AMSTERDAM (Reuters) - Dutch anti-Islam lawmaker Geert Wilders on Saturday said he had revived his plan to hold a contest for cartoons caricaturing the Prophet Mohammad, more than a year after cancelling such an event out of fear for attacks in the Netherlands.
In a post on Twitter late on Saturday, Wilders called on people to send in their Mohammad cartoons.
“Freedom of speech must prevail over violence and Islamic fatwa’s”, the leader of the largest opposition party in the Dutch parliament wrote.
Wilders cancelled a similar contest in August last year after police arrested a man who had threatened to kill him over his plan.
At the time, plans to hold the contest also prompted large demonstrations in Pakistan, organised by Islamist party Tehreek-e-Labbaik, which called on Islamist countries to sever all ties with the Netherlands.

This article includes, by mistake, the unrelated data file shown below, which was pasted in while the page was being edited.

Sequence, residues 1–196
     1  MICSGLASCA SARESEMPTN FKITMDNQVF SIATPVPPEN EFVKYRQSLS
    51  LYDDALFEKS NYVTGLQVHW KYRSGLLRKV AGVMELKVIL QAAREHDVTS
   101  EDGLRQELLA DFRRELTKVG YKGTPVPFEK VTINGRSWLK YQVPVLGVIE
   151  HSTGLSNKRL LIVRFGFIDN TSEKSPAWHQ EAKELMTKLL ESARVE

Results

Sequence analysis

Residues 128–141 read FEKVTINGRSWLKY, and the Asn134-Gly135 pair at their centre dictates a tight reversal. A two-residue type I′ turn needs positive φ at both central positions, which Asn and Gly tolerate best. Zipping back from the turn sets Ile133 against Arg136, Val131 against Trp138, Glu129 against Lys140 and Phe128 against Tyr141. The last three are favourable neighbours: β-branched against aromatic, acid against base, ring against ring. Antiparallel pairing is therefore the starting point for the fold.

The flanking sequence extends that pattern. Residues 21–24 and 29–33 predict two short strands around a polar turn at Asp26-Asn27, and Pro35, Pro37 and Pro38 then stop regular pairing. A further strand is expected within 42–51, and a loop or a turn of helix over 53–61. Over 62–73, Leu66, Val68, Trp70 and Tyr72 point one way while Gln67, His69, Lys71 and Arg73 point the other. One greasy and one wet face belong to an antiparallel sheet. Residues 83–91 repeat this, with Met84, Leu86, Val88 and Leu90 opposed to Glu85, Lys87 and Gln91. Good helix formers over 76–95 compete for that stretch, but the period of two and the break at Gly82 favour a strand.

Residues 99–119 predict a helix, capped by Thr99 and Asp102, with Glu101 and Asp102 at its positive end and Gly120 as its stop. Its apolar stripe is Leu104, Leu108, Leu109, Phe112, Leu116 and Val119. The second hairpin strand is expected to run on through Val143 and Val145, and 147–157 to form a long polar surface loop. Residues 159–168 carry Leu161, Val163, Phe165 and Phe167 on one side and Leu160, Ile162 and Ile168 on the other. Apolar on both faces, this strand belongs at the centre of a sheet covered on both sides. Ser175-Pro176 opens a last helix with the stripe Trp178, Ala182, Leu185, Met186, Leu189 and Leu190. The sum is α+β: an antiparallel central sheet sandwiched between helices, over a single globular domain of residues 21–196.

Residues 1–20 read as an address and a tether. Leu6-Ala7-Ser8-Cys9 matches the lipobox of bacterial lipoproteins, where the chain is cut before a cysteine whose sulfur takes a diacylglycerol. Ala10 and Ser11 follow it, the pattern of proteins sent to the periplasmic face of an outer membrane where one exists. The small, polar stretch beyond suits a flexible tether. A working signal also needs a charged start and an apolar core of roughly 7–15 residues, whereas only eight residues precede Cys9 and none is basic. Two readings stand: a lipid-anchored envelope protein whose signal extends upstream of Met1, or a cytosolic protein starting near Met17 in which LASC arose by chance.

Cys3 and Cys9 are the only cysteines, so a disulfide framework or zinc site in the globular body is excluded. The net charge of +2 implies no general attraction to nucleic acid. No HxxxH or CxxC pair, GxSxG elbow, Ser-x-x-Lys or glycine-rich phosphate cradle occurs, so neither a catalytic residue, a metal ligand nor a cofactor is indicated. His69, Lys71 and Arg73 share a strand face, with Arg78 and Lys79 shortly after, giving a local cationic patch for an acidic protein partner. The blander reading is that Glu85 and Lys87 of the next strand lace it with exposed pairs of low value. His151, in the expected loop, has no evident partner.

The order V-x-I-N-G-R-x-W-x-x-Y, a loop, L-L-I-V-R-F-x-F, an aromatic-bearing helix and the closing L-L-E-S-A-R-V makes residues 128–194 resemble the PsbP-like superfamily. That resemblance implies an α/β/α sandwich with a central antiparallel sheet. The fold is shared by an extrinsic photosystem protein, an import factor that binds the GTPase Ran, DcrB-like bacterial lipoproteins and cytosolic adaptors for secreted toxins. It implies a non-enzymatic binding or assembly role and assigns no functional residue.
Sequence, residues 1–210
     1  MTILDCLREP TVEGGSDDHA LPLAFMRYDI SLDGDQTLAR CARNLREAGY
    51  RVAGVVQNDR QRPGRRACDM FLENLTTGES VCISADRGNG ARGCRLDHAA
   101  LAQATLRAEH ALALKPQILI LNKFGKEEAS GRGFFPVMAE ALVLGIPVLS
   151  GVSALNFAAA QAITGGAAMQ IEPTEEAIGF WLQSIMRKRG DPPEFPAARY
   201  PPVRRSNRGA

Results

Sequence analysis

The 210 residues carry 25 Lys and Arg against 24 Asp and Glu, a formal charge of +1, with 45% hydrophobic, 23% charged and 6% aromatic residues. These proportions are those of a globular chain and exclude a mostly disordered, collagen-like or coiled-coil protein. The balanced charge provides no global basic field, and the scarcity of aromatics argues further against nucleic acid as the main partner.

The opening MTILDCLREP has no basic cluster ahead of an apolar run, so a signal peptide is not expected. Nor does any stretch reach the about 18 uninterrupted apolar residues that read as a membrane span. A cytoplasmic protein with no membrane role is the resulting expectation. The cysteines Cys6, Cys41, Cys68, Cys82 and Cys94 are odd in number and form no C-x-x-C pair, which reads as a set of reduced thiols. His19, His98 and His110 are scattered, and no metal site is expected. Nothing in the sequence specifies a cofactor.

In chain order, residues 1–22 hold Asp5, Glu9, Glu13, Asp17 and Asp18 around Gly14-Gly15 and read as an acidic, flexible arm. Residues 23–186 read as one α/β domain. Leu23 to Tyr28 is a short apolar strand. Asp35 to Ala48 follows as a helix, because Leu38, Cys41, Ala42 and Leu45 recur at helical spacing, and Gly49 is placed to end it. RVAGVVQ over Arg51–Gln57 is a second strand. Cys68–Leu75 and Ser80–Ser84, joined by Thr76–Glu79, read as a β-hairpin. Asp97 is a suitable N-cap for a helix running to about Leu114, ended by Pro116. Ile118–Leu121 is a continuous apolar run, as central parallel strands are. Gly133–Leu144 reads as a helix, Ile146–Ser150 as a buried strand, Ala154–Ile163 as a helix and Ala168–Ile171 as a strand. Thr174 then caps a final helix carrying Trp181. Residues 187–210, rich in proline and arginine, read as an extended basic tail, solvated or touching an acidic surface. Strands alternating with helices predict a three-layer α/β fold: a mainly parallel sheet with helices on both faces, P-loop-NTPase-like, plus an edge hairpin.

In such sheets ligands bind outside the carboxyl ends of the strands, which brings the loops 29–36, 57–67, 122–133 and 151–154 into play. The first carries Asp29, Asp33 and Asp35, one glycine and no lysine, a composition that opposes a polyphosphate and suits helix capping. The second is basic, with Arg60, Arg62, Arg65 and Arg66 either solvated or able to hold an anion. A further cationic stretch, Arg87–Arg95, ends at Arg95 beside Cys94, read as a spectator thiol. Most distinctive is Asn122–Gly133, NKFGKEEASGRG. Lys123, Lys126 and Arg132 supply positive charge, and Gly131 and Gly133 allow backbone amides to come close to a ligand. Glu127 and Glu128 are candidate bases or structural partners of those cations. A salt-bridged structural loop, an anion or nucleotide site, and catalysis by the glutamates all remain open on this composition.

Images of the Prophet Mohammad are traditionally forbidden in Islam as idolatrous. Caricatures are regarded by most Muslims as highly offensive.
In 2005, Danish newspaper Jyllands-Posten published cartoons of Mohammad that sparked demonstrations across the Muslim world as well as several attempts to kill either its editor or cartoonist Kurt Westergaard.
Ten years later, a pair of Islamist gunmen killed 12 people at the offices of magazine Charlie Hebdo in Paris, also known for publishing satirical cartoons of the Prophet.
Reporting by Bart Meijer; Editing by Daniel Wallis
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